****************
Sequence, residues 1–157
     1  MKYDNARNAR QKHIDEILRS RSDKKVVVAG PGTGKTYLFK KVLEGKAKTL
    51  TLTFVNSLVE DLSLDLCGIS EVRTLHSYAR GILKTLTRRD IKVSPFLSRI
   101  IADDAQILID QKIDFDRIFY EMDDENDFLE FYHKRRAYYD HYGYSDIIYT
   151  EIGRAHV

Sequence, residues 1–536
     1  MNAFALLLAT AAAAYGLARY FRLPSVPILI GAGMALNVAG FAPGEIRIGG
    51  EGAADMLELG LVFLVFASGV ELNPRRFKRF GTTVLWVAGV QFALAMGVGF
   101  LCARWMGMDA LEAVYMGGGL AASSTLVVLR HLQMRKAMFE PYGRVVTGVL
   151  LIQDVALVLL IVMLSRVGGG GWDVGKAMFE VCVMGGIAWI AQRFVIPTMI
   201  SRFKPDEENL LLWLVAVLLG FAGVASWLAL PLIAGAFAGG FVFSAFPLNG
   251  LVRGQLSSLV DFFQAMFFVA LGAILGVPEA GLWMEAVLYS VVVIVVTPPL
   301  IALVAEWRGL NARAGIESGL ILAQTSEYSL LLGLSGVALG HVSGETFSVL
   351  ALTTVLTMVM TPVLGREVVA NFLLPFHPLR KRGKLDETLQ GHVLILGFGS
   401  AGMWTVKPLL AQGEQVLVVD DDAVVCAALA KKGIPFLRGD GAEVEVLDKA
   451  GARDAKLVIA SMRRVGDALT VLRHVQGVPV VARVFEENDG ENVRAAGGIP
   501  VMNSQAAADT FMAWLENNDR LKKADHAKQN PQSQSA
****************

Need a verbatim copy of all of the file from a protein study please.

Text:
Sequence, residues 1–157
     1  MKYDNARNAR QKHIDEILRS RSDKKVVVAG PGTGKTYLFK KVLEGKAKTL
    51  TLTFVNSLVE DLSLDLCGIS EVRTLHSYAR GILKTLTRRD IKVSPFLSRI
   101  IADDAQILID QKIDFDRIFY EMDDENDFLE FYHKRRAYYD HYGYSDIIYT
   151  EIGRAHV

Sequence, residues 1–536
     1  MNAFALLLAT AAAAYGLARY FRLPSVPILI GAGMALNVAG FAPGEIRIGG
    51  EGAADMLELG LVFLVFASGV ELNPRRFKRF GTTVLWVAGV QFALAMGVGF
   101  LCARWMGMDA LEAVYMGGGL AASSTLVVLR HLQMRKAMFE PYGRVVTGVL
   151  LIQDVALVLL IVMLSRVGGG GWDVGKAMFE VCVMGGIAWI AQRFVIPTMI
   201  SRFKPDEENL LLWLVAVLLG FAGVASWLAL PLIAGAFAGG FVFSAFPLNG
   251  LVRGQLSSLV DFFQAMFFVA LGAILGVPEA GLWMEAVLYS VVVIVVTPPL
   301  IALVAEWRGL NARAGIESGL ILAQTSEYSL LLGLSGVALG HVSGETFSVL
   351  ALTTVLTMVM TPVLGREVVA NFLLPFHPLR KRGKLDETLQ GHVLILGFGS
   401  AGMWTVKPLL AQGEQVLVVD DDAVVCAALA KKGIPFLRGD GAEVEVLDKA
   451  GARDAKLVIA SMRRVGDALT VLRHVQGVPV VARVFEENDG ENVRAAGGIP
   501  VMNSQAAADT FMAWLENNDR LKKADHAKQN PQSQSA